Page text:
Referring now to the drawings wherein like reference numerals identify similar aspects of the subject invention, there is illustrated in FIG. 1 a system 10 for recording or archiving telephonic communications configured in accordance with a preferred embodiment of the subject invention. In this system, a telephone user (A) having a telephone set 12, while in telephonic communication with a telephone user (B) having a telephone set 14, through a central office, PBX or long distance network 16, may cause a third party or line to be connected to the call through a Public Switched Telephone Network (PSTN) 18. This is preferably accomplished through a feature or button on telephone set 12, by way of a flash of the switch-hook on telephone set, or by similar means. The third party line is a line connecting a Centralized Archive Facility (CAF) 20. Archive facility 20 recognizes an alert signal and answers the incoming call from telephone set 12 by causing loop current to flow or by other means which may be used in a digital connection or Internet protocol line, as is well known in the art.
Preferably, the centralized archiving facility 20 comprises a digital processor (i.e., a personal computer) equipped with single or multi-line telephony terminations, and analog to digital converter cards that allow the incoming analog communication channels to be recorded or transcribed in real-time digital files. Alternatively, where the originator is using Voice Over Internet Protocol (VOIP), digital transmission, incoming communications may be received by the archiving facility 20 in a digital format, transcribed in that same format or may be translated to another storage medium or format.
As the centralized archive facility 20 answers the incoming call, it identifies the calling party (A) by any one of a variety of techniques known in the art that may include Caller ID, Automatic Number Identification (ANI), Dialed Number Indicating Service (DNIS), in band signaling (Dual Tone Multi-Frequency) or other available in band or out of band techniques. Optionally, the centralized archiving facility 20 may be equipped to further identify the originator through voice print technology in which the speaker's voice patterns are pre-stored in a database and associated with other identifying material such as telephone number, e-mail address, IP address, or the like. Where a PBX or Centrex facility is used in which a “Display” or “Inspect” key is an available feature, identification of the calling party may be done through the invocation of this feature as commanded via a Telephone Application Programming Interface (TAPI) as is known in the art (see, for example, FIG. 5).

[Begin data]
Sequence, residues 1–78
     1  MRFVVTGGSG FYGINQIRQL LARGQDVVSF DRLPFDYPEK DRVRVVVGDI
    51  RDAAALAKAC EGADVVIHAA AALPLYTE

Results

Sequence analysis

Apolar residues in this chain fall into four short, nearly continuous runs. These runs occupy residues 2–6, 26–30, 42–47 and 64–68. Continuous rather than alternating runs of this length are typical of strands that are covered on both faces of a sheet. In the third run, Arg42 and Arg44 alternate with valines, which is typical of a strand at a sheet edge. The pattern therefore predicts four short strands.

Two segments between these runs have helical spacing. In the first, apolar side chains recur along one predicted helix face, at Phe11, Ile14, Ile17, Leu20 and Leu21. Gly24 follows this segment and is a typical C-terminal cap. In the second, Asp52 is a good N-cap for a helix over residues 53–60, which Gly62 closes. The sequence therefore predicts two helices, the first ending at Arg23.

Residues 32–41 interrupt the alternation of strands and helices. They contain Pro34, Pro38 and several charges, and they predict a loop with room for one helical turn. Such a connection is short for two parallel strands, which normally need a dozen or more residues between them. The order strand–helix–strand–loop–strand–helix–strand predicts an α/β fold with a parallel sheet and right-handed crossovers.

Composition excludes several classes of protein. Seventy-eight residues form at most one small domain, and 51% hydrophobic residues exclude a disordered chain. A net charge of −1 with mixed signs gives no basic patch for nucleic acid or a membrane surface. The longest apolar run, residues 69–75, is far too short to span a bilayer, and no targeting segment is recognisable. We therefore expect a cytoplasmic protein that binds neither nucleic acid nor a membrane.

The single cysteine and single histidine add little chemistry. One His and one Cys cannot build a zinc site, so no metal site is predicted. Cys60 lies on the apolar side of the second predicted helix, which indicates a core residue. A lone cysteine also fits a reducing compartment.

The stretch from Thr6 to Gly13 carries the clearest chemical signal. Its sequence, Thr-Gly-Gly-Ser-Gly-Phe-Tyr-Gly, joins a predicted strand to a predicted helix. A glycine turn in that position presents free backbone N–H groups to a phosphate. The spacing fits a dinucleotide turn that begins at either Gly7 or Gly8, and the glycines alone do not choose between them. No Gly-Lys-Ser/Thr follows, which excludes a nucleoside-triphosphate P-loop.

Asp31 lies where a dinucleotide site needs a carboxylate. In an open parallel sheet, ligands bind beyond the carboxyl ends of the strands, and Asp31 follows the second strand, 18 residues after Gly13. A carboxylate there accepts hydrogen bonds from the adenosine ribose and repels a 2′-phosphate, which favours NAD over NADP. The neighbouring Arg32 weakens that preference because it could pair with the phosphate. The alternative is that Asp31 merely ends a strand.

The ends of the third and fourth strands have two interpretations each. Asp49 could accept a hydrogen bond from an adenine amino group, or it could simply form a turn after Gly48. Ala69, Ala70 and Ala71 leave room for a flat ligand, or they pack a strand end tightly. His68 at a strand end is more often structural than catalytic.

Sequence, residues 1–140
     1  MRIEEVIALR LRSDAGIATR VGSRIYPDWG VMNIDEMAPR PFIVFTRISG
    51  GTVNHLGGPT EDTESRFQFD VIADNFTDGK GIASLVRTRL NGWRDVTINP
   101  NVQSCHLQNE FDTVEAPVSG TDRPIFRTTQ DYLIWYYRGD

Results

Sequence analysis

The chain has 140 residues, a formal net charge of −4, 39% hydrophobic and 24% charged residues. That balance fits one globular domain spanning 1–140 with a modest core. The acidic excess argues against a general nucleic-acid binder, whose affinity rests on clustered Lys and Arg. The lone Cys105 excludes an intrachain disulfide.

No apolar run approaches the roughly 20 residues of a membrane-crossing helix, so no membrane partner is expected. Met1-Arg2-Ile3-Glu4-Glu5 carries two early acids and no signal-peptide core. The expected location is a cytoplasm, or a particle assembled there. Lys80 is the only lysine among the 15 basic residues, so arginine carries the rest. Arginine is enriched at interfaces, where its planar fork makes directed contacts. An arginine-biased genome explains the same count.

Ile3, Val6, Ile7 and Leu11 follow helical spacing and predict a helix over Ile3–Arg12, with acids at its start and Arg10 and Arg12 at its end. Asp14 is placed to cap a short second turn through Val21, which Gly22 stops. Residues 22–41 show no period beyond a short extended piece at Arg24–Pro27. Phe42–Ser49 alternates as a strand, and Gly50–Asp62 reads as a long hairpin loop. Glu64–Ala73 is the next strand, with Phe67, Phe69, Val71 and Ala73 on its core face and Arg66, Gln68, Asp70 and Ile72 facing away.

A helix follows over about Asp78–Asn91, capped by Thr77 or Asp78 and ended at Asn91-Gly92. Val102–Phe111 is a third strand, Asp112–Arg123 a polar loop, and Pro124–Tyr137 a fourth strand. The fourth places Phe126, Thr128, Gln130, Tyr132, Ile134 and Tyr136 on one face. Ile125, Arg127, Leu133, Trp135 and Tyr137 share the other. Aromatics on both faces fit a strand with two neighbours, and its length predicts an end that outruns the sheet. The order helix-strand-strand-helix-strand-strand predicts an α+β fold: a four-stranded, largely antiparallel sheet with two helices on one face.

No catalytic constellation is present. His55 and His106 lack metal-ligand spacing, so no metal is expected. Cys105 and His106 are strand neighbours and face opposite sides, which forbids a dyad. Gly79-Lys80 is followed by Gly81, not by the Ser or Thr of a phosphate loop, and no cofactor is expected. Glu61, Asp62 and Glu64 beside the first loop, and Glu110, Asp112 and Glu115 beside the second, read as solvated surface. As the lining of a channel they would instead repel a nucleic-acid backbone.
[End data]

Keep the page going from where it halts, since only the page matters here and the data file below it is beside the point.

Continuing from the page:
The centralized archive facility 20 then captures the content of the call in a format that allows temporary storage of the content in a digital or analog mode. Preferably, the archive facility is equipped to provide this function on a multiplicity of lines simultaneously. Alternatively, the facility may receive calls in a composite format in which representations of multiple logical conversations occur in a single physical channel such as E-1, T-1, T-3, Primary Rate Interface (PRI), ATM, voice-over IP mode, or optical carrier.
The central archive facility 20 uses a variety of techniques to determine the identification of the call originator (A) including caller ID, automatic number identification, speech recognition, digits entered through touch-tone or other in-band signaling. Based upon the identification of the caller or other party to the conversation and information maintained in a relational database, the archive facility 20 may prompt the user for additional instructions or commands through voice recognition, in band or out of band signaling.
Additionally, information may be sent to the central archive facility by the caller through out of band signaling using an alternative communications mechanism for the transmission of command instructions. Usually such instructions would indicate the retention period for the archive, the means to be used in delivering a copy of the content of the call, authentication of the originator, or an indication to cause a warning tone to be played at discreet intervals throughout the communication, where state law may require such indication.